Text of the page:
Butler University administrators spend a lot of time talking about the Pharmacy program and the College of Business—and for good reason.
But the College of Education deserves some attention as well.
Maybe it’s just me—I’ve lived with and am friends with several education majors—but it seems that Butler’s COE does a lot for its students as well.
The COE fights for educational pedagogy in a country and state with reputations for coming down hard on teachers.
The university says that the College of Education has fantastic post-graduation employment rates.
But before education majors ever see their own teaching contract, they have to student teach.
To student teach, they need to be placed in a school.
In light of school takeovers, as well as changes in teacher and school evaluations and licensing, it can become more difficult to place student teachers.
Butler has a good reputation, and its prospective teachers carry themselves well.
Schools, even those facing problems, should take student teachers for their own and the student teachers’ benefit.
Our student teachers bring optimism, strong educational theory and open minds.
Students will soon be part of this world and could contribute to the solution.
In many situations, it seems, politicians see successful schools as the result of hard-working students.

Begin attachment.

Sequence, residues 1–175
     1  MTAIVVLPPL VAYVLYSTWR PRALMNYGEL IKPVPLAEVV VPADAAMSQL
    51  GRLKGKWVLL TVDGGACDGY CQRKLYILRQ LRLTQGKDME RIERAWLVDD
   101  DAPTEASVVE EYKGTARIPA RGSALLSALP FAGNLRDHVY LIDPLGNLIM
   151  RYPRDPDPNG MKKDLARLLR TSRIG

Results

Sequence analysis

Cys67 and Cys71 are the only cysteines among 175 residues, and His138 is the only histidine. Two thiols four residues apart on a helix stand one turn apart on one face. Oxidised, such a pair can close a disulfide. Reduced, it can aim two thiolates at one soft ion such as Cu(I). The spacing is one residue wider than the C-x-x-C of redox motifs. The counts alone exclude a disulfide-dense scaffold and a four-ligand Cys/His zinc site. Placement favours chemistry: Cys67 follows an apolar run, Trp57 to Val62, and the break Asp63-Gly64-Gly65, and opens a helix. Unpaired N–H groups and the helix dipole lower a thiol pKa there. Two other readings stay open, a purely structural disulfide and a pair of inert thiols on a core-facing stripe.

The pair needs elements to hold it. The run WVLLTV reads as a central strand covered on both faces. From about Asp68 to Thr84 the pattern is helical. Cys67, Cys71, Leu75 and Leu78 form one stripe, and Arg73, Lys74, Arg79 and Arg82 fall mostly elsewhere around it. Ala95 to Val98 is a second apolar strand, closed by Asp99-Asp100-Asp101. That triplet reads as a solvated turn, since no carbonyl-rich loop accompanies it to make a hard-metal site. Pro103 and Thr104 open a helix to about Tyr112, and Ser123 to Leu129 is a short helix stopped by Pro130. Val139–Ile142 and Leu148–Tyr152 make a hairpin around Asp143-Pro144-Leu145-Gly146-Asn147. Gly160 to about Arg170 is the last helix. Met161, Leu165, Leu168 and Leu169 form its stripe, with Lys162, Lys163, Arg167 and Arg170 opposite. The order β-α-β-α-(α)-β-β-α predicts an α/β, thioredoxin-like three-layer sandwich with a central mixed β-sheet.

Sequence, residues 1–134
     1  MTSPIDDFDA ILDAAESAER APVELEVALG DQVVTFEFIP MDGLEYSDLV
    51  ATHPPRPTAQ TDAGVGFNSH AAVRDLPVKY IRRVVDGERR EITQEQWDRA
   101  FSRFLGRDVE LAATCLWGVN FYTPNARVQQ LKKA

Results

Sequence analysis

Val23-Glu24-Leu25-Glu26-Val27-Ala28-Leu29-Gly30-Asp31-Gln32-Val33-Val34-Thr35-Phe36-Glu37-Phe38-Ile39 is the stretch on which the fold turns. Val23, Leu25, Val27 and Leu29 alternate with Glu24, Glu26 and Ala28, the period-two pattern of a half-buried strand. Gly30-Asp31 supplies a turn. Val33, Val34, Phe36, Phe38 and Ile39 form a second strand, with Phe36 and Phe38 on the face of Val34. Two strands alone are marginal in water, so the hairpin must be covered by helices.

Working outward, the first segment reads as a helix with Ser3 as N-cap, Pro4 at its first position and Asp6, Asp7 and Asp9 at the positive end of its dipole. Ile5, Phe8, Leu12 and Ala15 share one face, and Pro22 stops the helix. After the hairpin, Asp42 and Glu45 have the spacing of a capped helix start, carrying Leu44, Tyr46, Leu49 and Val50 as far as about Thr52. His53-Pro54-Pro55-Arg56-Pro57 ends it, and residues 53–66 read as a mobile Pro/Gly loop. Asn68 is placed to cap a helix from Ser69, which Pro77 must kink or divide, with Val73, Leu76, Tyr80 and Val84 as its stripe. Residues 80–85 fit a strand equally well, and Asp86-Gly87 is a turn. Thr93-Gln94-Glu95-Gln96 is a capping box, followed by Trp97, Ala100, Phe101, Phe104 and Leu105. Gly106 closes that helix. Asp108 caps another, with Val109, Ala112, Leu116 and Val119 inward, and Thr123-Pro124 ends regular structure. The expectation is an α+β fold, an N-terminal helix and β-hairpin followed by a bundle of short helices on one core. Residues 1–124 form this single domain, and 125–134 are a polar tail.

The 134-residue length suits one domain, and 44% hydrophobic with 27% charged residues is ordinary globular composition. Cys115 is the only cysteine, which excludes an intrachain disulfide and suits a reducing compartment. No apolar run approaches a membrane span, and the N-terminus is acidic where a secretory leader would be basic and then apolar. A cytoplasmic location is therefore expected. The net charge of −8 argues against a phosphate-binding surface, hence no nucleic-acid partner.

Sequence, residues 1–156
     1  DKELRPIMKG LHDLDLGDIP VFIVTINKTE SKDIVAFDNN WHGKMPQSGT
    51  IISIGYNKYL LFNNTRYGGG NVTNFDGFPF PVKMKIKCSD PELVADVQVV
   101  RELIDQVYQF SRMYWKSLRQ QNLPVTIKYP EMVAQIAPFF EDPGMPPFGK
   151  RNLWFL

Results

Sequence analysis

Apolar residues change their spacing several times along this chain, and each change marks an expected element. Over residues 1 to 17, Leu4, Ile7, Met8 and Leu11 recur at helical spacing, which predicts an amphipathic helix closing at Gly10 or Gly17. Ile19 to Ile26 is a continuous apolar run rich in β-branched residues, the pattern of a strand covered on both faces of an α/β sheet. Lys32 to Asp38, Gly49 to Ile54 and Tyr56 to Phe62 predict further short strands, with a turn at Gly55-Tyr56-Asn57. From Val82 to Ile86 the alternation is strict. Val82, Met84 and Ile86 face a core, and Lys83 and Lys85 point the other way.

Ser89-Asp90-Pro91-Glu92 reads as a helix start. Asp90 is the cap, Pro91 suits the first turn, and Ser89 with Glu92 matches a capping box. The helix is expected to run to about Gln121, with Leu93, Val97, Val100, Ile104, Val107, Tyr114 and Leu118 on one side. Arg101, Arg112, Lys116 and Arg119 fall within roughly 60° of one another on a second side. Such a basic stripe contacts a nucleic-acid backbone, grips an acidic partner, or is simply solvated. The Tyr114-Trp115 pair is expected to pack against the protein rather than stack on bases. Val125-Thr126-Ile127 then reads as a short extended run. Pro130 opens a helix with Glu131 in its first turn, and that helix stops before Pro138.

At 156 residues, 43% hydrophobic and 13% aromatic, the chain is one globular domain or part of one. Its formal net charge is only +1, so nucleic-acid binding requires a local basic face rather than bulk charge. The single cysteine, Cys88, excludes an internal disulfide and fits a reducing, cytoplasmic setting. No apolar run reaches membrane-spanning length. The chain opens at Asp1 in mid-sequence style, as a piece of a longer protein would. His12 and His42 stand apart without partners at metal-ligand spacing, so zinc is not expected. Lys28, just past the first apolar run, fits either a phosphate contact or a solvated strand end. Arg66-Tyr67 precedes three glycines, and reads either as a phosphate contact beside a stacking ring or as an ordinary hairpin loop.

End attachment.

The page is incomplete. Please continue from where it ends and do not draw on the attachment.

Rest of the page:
In failing schools, we are almost always reminded of the teachers.
Very rarely—in either case—does anyone mention conditions outside the classroom.
The reality of the situation is a lot more complex than finding someone to blame.
Any real solution has to accept that fact.
Butler, in general, seems to be preparing its education students to fight the good fight while remaining employable.
Many of my friends in the program have a healthy dose of cynicism.
They know they will be asked to work long hours outside the classroom with little chance of recognition.
“Our professors do a good job of preparing us to defend our existence with cross-curriculum work,” said Katie Bolinger, a junior music education major. “They let us know what to expect as far as being held to sometimes ridiculous standards.”
They still retain their passion for the children, too.
“We’re really optimistic,” said Melissa Rangel, a junior secondary education and English literature major. “A lot of focus is on how we can be a force for change.”
But education majors will need more than just passion and pragmatism.
“I can read books about problems in the education system from 30 or 40 years ago, and they completely apply to things now,” said Rangel. “We basically have the same system we had a hundred years ago—and it’s still not working.”
The Indiana school system and our national education policy need a serious overhaul soon.
Otherwise, passionate, pragmatic teachers will be lost in the demanding system of testing.